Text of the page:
I’ve worked on some sites where local search become one of the most important ways of drawing new visitors to a page. For some types of businesses, it’s a more powerful attractor than even their own websites.
Great post . . .
Any ideas on how the “flag as inappropriate” tag will really work?
I am not that familiar with the recommendation piece on Google Local yet – BUT just thinking if I have a small business and I have some “less than honest” competitors leaving false or misleading recommendations/comments can I just remove them? Seems just checking that the recommendation “wasn’t helpful” still leaves the same bad taste in a potential customer’s mind.
This highlights the fact that I have recently seen a new crop of “flagging services” begin to pop up in the world of Craigslist marketing – where the same folks who were getting paid to do manual postings are now branching into not only hammering out multiple postings for clients (obviously against CL rules), but also now flagging their competitor’s posts as well in an attempt to get the competitor’s posts removed or at least causing enough confusion that the competitors quit using Craigslist as much or maybe even all together. And believe it or not Craiglist has become a reasonably profitable piece of many Realtors and Car Dealers marketing activity over the last few years.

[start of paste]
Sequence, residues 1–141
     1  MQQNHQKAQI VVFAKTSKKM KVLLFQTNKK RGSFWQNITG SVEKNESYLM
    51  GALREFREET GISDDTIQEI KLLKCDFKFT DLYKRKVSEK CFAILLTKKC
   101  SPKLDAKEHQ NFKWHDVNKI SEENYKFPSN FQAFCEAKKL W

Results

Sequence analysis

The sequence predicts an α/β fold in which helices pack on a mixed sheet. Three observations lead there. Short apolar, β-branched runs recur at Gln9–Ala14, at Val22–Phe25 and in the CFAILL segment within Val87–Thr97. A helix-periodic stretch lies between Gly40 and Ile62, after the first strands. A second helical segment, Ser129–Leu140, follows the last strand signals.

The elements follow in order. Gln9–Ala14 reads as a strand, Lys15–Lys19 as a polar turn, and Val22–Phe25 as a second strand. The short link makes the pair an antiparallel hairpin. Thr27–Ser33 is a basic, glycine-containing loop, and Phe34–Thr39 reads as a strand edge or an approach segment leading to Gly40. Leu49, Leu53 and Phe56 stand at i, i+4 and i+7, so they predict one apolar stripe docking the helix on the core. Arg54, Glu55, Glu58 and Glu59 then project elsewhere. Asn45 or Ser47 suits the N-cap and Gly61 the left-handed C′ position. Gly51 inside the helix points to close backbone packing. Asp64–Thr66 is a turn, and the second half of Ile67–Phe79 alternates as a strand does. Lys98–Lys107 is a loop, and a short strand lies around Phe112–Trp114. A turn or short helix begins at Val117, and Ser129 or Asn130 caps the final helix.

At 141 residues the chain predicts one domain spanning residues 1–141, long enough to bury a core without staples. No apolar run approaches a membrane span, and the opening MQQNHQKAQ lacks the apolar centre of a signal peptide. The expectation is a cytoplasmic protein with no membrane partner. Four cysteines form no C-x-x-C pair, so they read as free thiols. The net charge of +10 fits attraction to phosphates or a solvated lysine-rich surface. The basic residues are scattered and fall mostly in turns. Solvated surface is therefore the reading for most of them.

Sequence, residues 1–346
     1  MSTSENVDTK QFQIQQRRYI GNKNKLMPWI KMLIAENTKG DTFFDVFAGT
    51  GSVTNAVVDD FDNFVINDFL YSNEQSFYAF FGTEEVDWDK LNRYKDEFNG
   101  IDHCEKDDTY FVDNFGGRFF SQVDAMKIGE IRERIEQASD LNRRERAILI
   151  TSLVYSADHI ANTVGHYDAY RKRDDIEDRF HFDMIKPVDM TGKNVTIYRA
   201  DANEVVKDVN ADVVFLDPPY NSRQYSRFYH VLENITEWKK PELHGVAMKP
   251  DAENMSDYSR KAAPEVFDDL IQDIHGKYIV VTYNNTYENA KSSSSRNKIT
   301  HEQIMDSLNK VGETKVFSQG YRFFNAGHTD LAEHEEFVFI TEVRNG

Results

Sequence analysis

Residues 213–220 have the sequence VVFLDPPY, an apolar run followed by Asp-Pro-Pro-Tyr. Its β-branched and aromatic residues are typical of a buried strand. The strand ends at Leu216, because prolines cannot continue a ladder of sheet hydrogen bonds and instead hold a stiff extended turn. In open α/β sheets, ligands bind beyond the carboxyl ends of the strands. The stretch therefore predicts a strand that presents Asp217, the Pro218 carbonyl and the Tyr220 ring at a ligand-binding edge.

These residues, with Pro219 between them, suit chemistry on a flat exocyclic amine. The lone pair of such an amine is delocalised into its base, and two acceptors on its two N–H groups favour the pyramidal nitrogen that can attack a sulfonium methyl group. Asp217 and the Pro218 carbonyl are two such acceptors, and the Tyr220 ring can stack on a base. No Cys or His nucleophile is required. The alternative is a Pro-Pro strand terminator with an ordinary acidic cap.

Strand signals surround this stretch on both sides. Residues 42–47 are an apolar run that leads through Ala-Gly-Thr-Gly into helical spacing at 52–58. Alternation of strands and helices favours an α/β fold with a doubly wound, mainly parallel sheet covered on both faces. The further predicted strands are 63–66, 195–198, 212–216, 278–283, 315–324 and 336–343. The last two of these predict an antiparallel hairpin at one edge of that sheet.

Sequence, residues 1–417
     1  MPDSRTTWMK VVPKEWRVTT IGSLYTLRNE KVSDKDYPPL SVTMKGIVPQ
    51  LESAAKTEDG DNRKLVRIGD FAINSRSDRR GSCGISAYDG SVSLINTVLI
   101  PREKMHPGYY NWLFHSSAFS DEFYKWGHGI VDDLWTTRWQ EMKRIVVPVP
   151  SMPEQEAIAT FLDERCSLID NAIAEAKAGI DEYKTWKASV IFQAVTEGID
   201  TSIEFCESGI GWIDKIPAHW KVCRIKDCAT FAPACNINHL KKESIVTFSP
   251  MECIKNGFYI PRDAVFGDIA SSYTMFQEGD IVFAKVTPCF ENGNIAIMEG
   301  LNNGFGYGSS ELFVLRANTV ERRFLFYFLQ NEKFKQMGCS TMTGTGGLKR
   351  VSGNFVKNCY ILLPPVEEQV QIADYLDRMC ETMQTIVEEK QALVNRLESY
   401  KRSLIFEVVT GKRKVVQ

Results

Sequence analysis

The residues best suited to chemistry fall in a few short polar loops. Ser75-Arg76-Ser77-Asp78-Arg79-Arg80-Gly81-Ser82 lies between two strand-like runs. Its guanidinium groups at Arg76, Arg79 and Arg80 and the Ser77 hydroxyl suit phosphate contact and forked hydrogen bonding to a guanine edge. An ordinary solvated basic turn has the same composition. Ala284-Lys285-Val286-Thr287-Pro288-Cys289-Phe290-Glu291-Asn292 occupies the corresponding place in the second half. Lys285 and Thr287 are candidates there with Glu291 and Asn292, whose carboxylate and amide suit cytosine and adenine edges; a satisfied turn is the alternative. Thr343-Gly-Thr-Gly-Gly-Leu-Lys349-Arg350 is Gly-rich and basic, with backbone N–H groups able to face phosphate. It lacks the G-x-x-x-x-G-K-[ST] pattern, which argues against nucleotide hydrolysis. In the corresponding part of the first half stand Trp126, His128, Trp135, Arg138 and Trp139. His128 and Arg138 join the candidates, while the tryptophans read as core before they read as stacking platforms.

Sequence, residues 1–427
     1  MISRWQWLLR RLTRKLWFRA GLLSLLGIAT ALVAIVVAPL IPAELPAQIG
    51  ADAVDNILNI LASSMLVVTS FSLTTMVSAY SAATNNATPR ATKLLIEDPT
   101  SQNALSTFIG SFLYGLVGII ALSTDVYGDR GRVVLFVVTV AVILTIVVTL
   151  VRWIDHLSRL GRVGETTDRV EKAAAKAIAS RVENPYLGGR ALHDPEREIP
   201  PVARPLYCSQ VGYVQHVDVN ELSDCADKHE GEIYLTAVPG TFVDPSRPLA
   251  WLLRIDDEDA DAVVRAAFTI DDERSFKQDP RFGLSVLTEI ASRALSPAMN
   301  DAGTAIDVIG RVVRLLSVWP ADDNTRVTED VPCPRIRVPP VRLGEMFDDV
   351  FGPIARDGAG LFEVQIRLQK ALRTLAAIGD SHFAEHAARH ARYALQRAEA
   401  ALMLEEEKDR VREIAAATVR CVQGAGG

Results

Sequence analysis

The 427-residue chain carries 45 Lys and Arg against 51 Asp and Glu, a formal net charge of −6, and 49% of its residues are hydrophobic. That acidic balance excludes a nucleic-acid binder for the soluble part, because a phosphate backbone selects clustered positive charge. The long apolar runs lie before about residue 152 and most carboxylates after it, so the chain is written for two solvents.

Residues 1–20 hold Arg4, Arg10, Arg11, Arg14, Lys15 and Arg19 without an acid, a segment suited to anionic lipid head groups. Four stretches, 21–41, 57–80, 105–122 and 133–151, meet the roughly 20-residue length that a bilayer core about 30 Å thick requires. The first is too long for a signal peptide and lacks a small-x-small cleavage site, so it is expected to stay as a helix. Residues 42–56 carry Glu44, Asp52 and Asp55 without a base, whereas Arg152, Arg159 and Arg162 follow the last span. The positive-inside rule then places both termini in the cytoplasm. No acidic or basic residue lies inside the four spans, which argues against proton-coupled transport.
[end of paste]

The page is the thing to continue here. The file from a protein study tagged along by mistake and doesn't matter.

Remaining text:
Seems like Google has some WAY more powerful options that are far less open to manipulation to rank local sites than random “recommendations” – am I missing something? With say even Ebay’s ranking system – a competitor would have to actually purchase an item – then falsely bash their competitor’s ranking after that purchase for “poor service” – a comparatively expensive and time consuming strategy for dinging your competitor’s reputation. Now it could be as simple as posting a bunch of bad reviews of your local dentist and you could potentially disrupt their local ranking??? Ouch . . .